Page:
22 SES 06 A, Internationalisation: Case Study Papers (Part 2)
Paper Session contiuned from 22 SES 05 A, to be continued in 22 SES 07 A
Internationalization in Higher Education is currently a strategic objective of the EU and is perceived by European leaders as contributing to the quality of teaching and learning and the competitiveness of higher education institutions (European Parliament, 2015). While there are efforts to foment the internationalization of the curriculum in order to construct a less elitist model, international mobility is still seen as key in contemporary efforts to reinforce cooperation and collaboration among higher education institutions. Due to policies such as the Bologna treaty the Erasmus program and the 'Mobility Strategy 2020 for the European Higher Education Area' Europe is considered a model for good practices (Teichler, 2009). While there is a growing body of information regarding student internationalisation (Murphy-Lejeune,2003; Brooks and Waters 2011) there is not much data about staff mobility on the European level. Part of the reason is conceptual as there is a confusion regarding what is meant by 'staff mobility in higher education’. What is considered mobility? participation in international conferences, study visits, or research stays? (European Commission, 2013). Lately, we have seen efforts to evaluate national policies of staff mobility and financing (Marimon, Lietaert, & Grigolo 2009). However, we still lack qualitative research on the impact of staff mobility.
In this paper we look at Spanish University teachers who went abroad as part of their professional development (pre- and post- doctorate levels) to spend time in important research centres. Our object is to evaluate the impact of these stays on their professional work once they came back. Their perceptions of the process are highly relevant for understanding the impacts of mobility schemes. While the EU and national governments are striving to foment mobility they should gather more information on factors that enhance and hinder their impact. Our research explores these factors paying special attention to the question of gender.
Literature on gender differences in higher education focuses on three critical moments: choice of studies, the early stage of the scientific career and career advancement. In all three, gender plays an important role (Bain and Cummings, 2000; Etzkowitz, Kemelgor, Uzzi, 2000; Husu 2000; Morley, 2000; Vázquez-Cupeiro and Elston, 2006; Benschop, 2009; Van den Brink and Benschop, 2012a; 2012b; Risman and Davis, 2013; O´Connor et al. 2015). Our aim is to see how gender mediates the impacts of international mobility on the personal and the institutional levels.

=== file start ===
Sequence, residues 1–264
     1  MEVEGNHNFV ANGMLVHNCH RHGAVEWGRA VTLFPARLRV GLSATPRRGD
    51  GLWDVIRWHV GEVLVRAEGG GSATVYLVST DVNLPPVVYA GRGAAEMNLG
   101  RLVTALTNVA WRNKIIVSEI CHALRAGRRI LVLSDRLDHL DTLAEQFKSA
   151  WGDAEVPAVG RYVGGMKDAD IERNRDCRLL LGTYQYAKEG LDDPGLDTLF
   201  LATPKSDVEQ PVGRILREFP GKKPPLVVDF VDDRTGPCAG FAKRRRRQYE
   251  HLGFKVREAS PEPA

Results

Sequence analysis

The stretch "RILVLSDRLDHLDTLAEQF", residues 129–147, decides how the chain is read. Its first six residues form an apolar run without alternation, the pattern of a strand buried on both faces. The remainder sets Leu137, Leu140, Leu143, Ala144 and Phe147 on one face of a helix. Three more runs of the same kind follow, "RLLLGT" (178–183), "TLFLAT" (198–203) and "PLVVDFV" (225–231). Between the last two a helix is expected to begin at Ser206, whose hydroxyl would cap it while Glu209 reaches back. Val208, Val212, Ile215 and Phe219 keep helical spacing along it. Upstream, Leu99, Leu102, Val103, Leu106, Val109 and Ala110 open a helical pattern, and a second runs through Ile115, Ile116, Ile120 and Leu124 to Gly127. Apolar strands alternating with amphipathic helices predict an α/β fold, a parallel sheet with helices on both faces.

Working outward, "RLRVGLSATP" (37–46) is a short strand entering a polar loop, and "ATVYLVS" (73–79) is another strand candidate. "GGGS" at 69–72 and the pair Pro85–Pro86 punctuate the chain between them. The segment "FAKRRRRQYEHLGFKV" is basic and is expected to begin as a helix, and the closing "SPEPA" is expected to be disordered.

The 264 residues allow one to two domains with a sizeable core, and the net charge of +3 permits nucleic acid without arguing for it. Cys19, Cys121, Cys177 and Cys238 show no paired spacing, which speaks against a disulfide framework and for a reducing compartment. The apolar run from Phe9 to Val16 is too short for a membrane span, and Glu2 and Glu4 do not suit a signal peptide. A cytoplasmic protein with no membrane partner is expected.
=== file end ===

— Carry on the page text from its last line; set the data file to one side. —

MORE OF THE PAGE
Bain O. and Cummings W. (2000) Academic Glass Ceiling: Societal, professional/organizational and Institutional Barriers to the career Advancement of Academic Women, Comparative Education Review, 44: 4, pp. 493-514 Benschop, Yvonne. 2009. "The micro‐politics of gendering in networking." Gender, Work & Organization 16(2): 217-237. Brooks, R., & Waters, J. (2011). Student Mobilities, Migration and the Internationalization of Higher Education. Palgrave Macmillan. Directorate-General for Internal Policies,(2015) Internationalisation of Higher Education. European Parliament. Brussels. Etzkowitz, H., Kemelgor, C., & Uzzi, B. (2000). Athena unbound: The advancement of women in science and technology. Cambridge University Press. European Commission, (2013) Staff Mobility in Higher Education. Brussels Husu, Liisa. 2000. "Gender discrimination in the promised land of gender equality." Higher Education in Europe 25(2): 221-228. Marimon, R., Lietaert, M., & Grigolo, M. (2009). Towards the ‘fifth freedom’: Increasing the mobility of researchers in the European Union. Higher Education in Europe, 34(1), 25-37. Morley, Louise. 2000. "The micropolitics of gender in the learning society." Higher Education in Europe 25(2): 229-235. Murphy-Lejeune, E. (2003). Student mobility and narrative in Europe: The new strangers. Routledge. O’Connor, Pat, Teresa Carvalho, Agnete Vabø y Sónia Cardoso. 2015. "Gender in Higher Education: A Critical Review." Pp. 569-585 en The Palgrave International Handbook of Higher Education, Policy and Governance, compilado por J. Huisman, H. de Boer y D. Dill, David, Souto-Otero, Manuel. England: Palgrave MacMillan. Marimon, R., Lietaert, M., & Grigolo, M. (2009). Towards the ‘fifth freedom’: Increasing the mobility of researchers in the European Union. Higher Education in Europe, 34(1), 25-37. Risman, Barbara J. y Georgiann Davis. 2013. "From sex roles to gender structure." Current Sociology Review 61 (5-6): 733-755. Taylor, Steven J. y Robert Bogdan. 1994. Introducción a los métodos cualitativos de investigación: la búsqueda de significados. Barcelona: Paidós. Van den Brink, Marieke y Yvonne Benschop. 2012a. "Gender practices in the construction of academic excellence: Sheep with five legs." Organization 19(4): 507-524. ------. 2012b. "Slaying the Seven-Headed Dragon: The Quest for Gender Change in Academia." Gender, Work & Organization 19(1): 71-92. Vázquez-Cupeiro, Susana y Mary A. Elston. 2006. "Gender and academic career trajectories in Spain: From gendered passion to consecration in a sistema endogámico?" Employee Relations 28(6): 588-603.
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